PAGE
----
Lewis Pugh: 21 yaks and a speedo

I (Manda here… Katie was with me at the talk) have been aware of Lewis for some while. I mean you can’t really ignore a man who has swum at 90 degrees north aka the NORTH POLE, for no less than 1 kilometre and 18+ minutes and who decided it would be a great idea to climb up part of Mt Everest with a boat and then go for a dip at altitude before coming back down. So when the opportunity to hear the man speak came up it was a simple Yes. The talk took place at the National Geographic society, which Lewis, a former maritime lawyer, is a patron.

Yes Lewis’ talk was focused around his most memorable/challenging swims, which was shown by the number of swimmers in the audience, but ultimately these swims are just a platform to highlight the environmental campaigns he is raising awareness for and additionally, the life lessons he has learnt and is imparting onto the audience. I challenge any non-swimmer to go listen to the man and not be inspired.. maybe not inspired to throw yourself into water at -1.7 degrees, but be inspired to do something, anything to make a change. After the talk we got an opportunity to purchase a signed copy of his latest book, “21 yaks and a speedo”, which judging by the queue that promptly formed, 99% of the people at the talk decided to do!


Here is my review:

I was able to read and finish the book in a short period of time, namely traveling to/from Guernsey last weekend. There are no cliff hangers and it isn’t one continuous story to keep you reading, it was more just so enjoyable to read that I wanted to just keep reading. It often felt like you were reading a mate’s stories (probably because a lot of my friends are equally silly with their challenges!!). The book is split up into 21 chapters, aka Yaks and each one tells of a different adventure. Additionally, each chapter has a different quality associated with it, hope, blame, etc etc and any reader can take anyway some practical advice from the book.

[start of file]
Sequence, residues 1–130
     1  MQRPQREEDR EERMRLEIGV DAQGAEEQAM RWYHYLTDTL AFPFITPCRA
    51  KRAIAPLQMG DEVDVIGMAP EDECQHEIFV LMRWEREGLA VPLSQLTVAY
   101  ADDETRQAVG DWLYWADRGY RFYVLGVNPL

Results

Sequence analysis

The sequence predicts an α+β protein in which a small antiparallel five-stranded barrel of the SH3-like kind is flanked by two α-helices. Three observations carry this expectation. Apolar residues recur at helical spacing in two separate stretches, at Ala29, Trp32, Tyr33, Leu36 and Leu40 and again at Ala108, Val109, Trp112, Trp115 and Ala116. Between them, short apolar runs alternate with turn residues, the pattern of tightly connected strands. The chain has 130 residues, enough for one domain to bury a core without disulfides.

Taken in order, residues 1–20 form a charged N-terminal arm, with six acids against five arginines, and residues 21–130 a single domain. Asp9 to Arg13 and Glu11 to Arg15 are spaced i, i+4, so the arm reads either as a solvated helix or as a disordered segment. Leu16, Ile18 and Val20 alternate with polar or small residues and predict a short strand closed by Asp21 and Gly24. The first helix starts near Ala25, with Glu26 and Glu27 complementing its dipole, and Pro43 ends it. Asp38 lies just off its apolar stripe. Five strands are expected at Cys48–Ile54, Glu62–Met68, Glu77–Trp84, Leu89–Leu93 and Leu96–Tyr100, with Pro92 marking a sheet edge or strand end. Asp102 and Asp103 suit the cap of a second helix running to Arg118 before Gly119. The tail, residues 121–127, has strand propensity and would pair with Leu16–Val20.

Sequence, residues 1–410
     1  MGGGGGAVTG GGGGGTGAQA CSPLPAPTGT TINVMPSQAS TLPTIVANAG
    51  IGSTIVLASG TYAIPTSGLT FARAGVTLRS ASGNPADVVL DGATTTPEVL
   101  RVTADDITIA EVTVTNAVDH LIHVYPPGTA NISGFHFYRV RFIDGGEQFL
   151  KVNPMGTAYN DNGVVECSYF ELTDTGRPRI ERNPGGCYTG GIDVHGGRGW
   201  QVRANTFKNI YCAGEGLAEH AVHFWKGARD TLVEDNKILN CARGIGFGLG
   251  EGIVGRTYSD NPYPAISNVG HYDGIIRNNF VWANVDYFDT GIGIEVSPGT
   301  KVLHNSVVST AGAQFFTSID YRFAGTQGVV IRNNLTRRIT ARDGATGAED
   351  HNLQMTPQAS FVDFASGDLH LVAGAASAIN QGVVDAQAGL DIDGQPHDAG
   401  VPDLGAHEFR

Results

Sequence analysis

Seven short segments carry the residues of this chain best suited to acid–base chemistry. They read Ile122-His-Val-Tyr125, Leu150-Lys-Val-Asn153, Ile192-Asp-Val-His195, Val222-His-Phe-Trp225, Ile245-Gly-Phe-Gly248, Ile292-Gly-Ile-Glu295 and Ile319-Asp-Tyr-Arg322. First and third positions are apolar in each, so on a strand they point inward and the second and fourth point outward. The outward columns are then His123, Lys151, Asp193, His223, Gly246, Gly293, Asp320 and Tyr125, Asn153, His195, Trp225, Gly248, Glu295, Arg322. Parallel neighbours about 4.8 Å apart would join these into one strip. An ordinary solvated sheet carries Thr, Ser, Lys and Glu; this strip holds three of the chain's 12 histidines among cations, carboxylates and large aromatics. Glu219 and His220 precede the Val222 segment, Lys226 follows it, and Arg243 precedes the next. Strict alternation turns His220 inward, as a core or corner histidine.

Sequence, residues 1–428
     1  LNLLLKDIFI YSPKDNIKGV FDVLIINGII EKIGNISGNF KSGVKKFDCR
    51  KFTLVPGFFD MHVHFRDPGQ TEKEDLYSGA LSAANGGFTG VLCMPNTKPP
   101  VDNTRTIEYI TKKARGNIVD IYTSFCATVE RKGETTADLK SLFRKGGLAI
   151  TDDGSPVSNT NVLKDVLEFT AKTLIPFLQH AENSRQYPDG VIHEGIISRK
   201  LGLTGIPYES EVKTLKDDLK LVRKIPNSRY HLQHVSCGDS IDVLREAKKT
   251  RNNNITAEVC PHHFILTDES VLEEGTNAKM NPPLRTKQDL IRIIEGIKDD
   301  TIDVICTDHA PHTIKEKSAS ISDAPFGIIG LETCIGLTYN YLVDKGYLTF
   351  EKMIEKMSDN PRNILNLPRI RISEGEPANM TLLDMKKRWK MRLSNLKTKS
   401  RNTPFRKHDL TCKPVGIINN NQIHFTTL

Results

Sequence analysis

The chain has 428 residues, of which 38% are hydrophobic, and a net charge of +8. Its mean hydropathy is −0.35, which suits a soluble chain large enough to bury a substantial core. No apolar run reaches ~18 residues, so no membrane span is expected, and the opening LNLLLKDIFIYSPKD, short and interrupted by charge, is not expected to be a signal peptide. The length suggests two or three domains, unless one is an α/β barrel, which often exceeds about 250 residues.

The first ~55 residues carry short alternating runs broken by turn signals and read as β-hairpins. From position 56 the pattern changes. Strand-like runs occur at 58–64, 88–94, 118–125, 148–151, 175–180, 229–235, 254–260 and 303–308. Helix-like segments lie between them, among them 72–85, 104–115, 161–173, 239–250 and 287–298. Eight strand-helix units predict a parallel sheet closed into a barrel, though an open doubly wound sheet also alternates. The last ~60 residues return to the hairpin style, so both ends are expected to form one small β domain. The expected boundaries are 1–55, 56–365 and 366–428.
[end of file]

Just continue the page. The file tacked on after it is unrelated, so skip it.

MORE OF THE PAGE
The below are some of my favourite quotes from the book:

· Never plan for victory and defeat in your mind at the same time
· Don’t look for other people to validate your dreams. If it feels right, just go for it.
· Thoughts alone won’t make extraordinary things happen. But nothing ever happens if you don’t visualise it first.

I love reading these types of books but the difference between this and some other adventure writer books is that I actually liked Lewis at the end. There is an argument to say in order to succeed at these types of challenges you have to have qualities that make you seem like a “douche” but Lewis proves otherwise.

A sign of how good a book is can easily be judged by the amount of people you want to read it. I want EVERYONE to read it. I have already passed it on to a colleague at work and have been preaching the words of Lewis to another. Has it inspired me to do another big challenge?…not quite but I am tentatively swimming in that direction.

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